(Some Of) Amanda’s Favorites Of The Year

I hope everyone had a wonderful holiday! I ate too much (of course) and have already spent my gift cards, but I did get the Eiffel Tower Barbie on my list, as well as some Hello Kitty pajamas and Balenciaga Paris shower gel, so it was a happy time all around.

I also love reading the yearly favorites of the other Riskies, and of our visitors, to see what I missed and what I need to buy from the bookstore immediately! (If I had any bookstore gift cards left, that is…). I’ve already talked about a few of my own favorites this year, like Bill Bryson’s At Home and Katie Whitaker’s A Royal Passion, but there was also a lot I enjoyed as well! Here are just a few. Were any of them on your own list? (I tried to divide them into categories, and I’m sure there are a lot I forgot!)

Fiction
Romance
(I haven’t had time to read nearly as much romance as I would like this year, but there were some fabulous ones!)

–Libertine’s Kiss by Judith James: I got to interview Judith James here at the Riskies earlier this year about this book, and it still stays in my head now! My favorite historical romance in quite a while, it has a wonderful, vivid Restoration setting, a truly rakish hero, a spirited heroine, very richly drawn and sexy.

Iron Duke by Meljean Brook: This book has quite rightly gotten an enormous amount of buzz online, and I heartily recommend it! I’ve been obsessed with reading steampunk lately, and this is the best of the genre I’ve found, highly imaginative, complex world-building, action-packed–plus a great hero and heroine. And just look at that cover–yum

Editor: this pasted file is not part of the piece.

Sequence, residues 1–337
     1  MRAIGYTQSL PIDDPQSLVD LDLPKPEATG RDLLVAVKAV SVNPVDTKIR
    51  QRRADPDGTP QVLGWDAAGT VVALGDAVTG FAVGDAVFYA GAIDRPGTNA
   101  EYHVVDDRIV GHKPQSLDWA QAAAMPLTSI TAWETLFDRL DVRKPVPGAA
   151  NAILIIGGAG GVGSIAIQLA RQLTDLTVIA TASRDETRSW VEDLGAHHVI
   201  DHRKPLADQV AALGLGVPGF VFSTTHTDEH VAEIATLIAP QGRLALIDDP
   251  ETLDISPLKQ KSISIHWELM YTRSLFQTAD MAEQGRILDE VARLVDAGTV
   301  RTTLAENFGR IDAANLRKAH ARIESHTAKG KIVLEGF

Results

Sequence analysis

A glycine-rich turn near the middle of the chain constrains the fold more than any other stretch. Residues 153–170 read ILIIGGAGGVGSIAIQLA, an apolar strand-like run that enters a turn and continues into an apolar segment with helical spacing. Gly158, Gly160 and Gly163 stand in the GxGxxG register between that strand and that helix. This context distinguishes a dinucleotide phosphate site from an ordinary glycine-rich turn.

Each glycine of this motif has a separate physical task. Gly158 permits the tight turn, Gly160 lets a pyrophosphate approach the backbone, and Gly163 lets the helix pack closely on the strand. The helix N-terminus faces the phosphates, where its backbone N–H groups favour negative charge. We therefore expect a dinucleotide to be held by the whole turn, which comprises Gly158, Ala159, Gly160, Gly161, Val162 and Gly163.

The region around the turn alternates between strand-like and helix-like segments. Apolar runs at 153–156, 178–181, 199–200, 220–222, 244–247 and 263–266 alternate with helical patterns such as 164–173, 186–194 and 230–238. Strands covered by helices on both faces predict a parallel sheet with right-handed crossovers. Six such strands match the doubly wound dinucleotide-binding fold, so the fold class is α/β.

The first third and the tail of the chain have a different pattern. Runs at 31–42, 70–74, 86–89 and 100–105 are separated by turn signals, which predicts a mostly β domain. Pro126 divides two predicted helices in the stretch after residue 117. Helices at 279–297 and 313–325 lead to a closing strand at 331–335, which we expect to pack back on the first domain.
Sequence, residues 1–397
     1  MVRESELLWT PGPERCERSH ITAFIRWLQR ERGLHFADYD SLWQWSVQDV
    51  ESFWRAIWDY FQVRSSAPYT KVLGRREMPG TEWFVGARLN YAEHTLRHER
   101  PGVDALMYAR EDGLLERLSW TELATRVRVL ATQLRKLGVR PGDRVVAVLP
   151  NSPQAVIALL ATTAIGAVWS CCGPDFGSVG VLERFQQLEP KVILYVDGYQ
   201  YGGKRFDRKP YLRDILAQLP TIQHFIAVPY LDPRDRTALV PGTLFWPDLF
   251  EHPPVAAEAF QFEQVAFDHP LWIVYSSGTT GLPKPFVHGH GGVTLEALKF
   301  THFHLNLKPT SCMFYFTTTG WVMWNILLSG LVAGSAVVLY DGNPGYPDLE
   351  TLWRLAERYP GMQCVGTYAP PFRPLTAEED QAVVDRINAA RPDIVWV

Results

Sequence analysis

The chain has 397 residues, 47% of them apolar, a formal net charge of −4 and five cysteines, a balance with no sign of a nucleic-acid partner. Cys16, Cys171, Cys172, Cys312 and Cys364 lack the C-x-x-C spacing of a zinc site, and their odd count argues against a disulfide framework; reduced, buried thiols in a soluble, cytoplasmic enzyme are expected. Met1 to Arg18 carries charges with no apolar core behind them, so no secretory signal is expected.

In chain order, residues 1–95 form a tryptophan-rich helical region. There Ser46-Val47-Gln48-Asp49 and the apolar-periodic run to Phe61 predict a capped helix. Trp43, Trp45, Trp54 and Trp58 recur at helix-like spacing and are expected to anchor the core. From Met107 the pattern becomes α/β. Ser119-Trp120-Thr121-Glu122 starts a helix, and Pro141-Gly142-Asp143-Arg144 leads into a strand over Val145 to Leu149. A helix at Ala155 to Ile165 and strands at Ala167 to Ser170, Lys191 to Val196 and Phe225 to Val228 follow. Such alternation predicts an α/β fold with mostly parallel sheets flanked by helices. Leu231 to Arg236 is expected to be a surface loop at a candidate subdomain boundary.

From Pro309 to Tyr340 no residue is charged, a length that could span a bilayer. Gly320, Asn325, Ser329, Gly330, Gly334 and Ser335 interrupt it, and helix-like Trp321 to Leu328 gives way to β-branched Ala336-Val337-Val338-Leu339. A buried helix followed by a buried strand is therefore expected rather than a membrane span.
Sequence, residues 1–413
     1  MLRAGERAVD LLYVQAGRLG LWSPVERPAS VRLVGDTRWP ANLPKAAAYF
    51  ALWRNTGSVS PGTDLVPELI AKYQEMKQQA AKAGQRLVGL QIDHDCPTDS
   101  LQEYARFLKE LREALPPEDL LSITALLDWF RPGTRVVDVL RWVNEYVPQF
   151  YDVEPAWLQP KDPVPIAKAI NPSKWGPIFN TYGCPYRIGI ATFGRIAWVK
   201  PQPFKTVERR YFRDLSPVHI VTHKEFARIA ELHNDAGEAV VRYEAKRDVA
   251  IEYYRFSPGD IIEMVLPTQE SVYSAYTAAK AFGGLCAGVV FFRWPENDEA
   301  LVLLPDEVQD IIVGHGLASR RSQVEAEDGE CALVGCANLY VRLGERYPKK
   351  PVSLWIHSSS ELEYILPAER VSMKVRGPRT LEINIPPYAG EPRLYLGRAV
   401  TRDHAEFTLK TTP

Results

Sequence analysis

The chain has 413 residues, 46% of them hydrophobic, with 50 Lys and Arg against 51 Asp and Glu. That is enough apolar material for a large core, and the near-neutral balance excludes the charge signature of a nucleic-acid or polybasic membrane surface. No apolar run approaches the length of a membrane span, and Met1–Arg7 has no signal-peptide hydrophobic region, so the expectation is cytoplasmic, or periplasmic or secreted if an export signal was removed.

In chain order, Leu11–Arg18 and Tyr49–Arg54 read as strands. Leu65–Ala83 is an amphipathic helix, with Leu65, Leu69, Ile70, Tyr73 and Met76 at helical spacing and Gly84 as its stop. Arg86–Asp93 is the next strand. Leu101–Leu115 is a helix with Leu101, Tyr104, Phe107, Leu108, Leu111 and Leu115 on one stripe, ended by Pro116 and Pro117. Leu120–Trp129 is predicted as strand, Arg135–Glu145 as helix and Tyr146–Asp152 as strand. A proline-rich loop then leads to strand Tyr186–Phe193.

In For A Penny by Rose Lerner: a wonderful Regency romance! A typical Regency storyline–rakish lord, marriage of convenience, etc–turned on its head in a deceptively complex story. Great characters and a well-drawn authentic setting!


Mystery

–Her Highness’s First Murder by Peg Herring: It’s 1546, and a serial killer stalks London. Who better to solve the mystery than the young Princess Elizabeth, especially after one of her own ladies is killed? She joins forces with her physician’s son to track down the killer! Very suspenseful and clever, with another well-drawn setting and fascinating characters. I imagine a young Elizabeth I would be quite a bit like the one in this book…

Bellfield Hall by Anna Dean: the first Regency-set Dido Kent mystery, and I’m already looking forward to the next! Dido is a spinster in 1805, who has to investigate when her niece’s fiance mysteriously disappears during their betrothal ball…